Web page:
Butler plenary icmi

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Butler plenary icmi

  1. 1. What grabbed me about ICMI 3?Reflections from a friendly critical medical practitioner investigator Chris Butler Head of Institute of Primary Care and Public Health Cardiff University Director, Wales School of Primary Care Research
  2. 2. ICMI3 Inputs• What is the theory?• What is it in practice?• How do we measure it?• How do we best train clinicians to deliver it?• How do clients respond?• Can it work?• Does it work?• What effect does training practitioners in a certain way have on participants in a given context• Is it worth it?• How do we influence policy makers and practitioners?
  3. 3. A success?
  4. 4. Watkins et al• Single centre• “A research nurse randomised patients… The same nurse then assigned intervention group patients to 1 of 4 therapists using an opaque sealed envelope..”• Medication and medication adherence not reported• Cause of death not reported
  5. 5. A spectacular disaster?
  6. 6. Robling et al• Objective To evaluate the effectiveness on glycaemic control of a training programmein consultation skills for paediatric diabetes teams.• Gave a clear, useful answer for payers of health care• Not to be confused with a failure of MI
  7. 7. Fidelity measurement?• “My over-riding reaction is one of mild shock at the state of research on MI in health care. Researchers have lurched into trials of a really complex interpersonal intervention and only 7/50 have bothered to assess fidelity? ”
  8. 8. Measurement, respondent burden and risk of biasRisk ofinclusion andattrition biasandapplicabilitylimitations Clinician and participant respondent burden
  9. 9. ICMI3 Processes• Strong values base• Fantastic venue and organisation• In- and outward looking!• Bold, eclectic and welcoming!• Loved the nexus between erudite, wise psychotherapists with the researchers, trainers and clinicians at the sharp end of emergency care and in resource poor setting
  10. 10. ICMI3 Outputs• Behaviour change is important!• Showing MI can and does work, and that is worthwhile is difficult. But we are making progress!
  11. 11. Healthy behaviours:The Caerphilly Collaborative Cohort Study Non-smoking: non-smoking including ex-smokers Body weight: BMI (weight/height²) of under 25 Diet: less than 30% of calories from fats and three or more portions of fruit and/orvegetables a day (too few men consumed five portions). Exercise: walk two or more miles to work each day, or cycled ten or more miles towork each day, or regular ‘vigorous’ exercise Alcohol intake: drinking within the guidelines, abstainers not included. - Every item was carefully validated - The Caerphilly Health and Social needs StudyNon-smoking, overweightetc…. .closely similar to the abovePLUS: regular aspirin taking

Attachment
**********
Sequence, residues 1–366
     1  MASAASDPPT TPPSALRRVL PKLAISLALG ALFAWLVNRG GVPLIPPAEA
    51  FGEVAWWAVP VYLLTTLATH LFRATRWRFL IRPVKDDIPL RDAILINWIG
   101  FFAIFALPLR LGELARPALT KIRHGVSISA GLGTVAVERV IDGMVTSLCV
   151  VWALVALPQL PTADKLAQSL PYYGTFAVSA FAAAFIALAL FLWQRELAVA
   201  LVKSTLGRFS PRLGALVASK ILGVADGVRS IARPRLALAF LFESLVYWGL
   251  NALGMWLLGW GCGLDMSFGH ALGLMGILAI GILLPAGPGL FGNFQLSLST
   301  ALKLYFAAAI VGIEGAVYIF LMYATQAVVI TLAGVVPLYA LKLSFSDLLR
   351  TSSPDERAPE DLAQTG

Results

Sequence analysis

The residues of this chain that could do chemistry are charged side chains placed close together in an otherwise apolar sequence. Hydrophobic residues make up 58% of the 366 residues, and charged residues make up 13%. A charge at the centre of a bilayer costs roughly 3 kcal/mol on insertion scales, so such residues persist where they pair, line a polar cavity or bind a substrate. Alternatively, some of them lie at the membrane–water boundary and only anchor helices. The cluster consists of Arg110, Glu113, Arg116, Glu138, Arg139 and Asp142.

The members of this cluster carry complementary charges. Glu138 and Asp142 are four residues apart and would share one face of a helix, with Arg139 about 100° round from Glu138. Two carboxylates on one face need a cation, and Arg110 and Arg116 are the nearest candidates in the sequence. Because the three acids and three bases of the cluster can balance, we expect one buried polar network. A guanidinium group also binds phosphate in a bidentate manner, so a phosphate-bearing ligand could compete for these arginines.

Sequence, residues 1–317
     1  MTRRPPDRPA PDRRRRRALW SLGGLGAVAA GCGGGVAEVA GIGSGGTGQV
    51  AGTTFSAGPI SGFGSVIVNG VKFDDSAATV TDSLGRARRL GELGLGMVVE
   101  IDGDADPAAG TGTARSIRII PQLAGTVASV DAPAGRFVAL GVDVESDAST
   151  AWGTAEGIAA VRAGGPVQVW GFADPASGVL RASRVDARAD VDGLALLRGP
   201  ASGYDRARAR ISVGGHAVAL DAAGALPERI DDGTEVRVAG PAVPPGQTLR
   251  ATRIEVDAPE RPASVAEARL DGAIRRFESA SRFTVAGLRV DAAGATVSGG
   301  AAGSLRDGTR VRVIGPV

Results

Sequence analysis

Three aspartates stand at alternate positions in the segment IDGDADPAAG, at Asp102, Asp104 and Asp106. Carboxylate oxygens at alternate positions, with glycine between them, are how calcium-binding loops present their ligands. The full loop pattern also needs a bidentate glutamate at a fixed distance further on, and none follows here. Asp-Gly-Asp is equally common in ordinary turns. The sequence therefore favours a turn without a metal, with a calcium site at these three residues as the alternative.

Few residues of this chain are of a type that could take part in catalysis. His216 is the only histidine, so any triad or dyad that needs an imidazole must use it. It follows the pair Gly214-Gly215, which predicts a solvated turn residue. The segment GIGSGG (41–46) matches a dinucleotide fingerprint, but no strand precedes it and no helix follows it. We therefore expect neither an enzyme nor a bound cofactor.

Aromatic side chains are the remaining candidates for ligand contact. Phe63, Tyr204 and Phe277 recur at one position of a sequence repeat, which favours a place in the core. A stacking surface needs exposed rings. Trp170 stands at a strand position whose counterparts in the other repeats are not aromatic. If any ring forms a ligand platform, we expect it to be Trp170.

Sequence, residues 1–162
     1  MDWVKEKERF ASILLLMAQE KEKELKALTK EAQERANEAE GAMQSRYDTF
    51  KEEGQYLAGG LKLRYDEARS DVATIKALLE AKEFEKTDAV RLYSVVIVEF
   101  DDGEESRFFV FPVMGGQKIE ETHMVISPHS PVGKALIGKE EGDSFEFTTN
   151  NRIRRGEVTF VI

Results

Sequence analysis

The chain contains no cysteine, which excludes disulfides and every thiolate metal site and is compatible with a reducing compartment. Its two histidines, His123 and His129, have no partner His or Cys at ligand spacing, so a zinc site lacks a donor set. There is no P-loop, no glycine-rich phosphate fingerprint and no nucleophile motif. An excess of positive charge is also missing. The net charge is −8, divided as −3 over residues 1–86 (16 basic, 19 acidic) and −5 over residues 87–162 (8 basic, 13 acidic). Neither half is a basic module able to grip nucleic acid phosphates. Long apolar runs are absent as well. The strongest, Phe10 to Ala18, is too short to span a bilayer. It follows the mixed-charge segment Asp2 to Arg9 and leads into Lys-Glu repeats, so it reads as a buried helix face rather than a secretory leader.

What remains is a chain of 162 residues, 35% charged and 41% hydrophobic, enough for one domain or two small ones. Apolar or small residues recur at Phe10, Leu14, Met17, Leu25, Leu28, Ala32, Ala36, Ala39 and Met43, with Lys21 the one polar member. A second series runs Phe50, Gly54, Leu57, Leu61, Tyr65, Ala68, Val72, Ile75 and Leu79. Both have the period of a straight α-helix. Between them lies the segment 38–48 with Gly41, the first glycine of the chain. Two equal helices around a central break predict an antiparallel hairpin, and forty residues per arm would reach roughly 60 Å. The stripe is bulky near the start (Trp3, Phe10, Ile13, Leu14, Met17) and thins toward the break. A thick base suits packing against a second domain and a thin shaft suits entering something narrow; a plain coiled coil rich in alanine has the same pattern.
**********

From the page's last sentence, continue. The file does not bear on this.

12. 12. Outcome events:During the 30 year follow-up:Diabetes:recorded in the GP notes plus a raised fasting blood glucoseVascular disease:a myocardial infarct or an ischemic strokeCancer:a registered canceror a death certified as cancerAll-cause deaths:deaths with certified causeDementia:clinical diagnosis by a psychogeriatrician Every event was carefully validated against accepted clinical criteria
  13. 13. Healthy REDUCTIONS over the following 30 years behaviours Diabetes Vascular Cancer All-cause in 1980 disease deathsNon-smoking No significant 21% 29% 33% relationship (11% to 31%) (16% to 37%) (26% to 40%) All relationships adjusted for age and social class
  14. 14. REDUCTIONS IN: Healthy Lifestyles Diabetes Vascular disease Cancer All-cause deaths None (172 men) 0 0 0 0 Any two (813 men) 16% 30% 13% 15% Any three (436) 37% 35% 7% 30% Four/five (112) 48% 38% 18% 35% Significance 0.0005 0.0005 0.41. 0.0005If all the men had been advised to take up one additional healthy behaviour…and if only half complied…..→ reductions of at least 12% in diabetes; 6% in vascular disease; 5% in deaths NOTE: The 48%, 38% etc. reductions in the table are relative reductions. The 12%, 6% etc. in the note below the table are absolute reductions.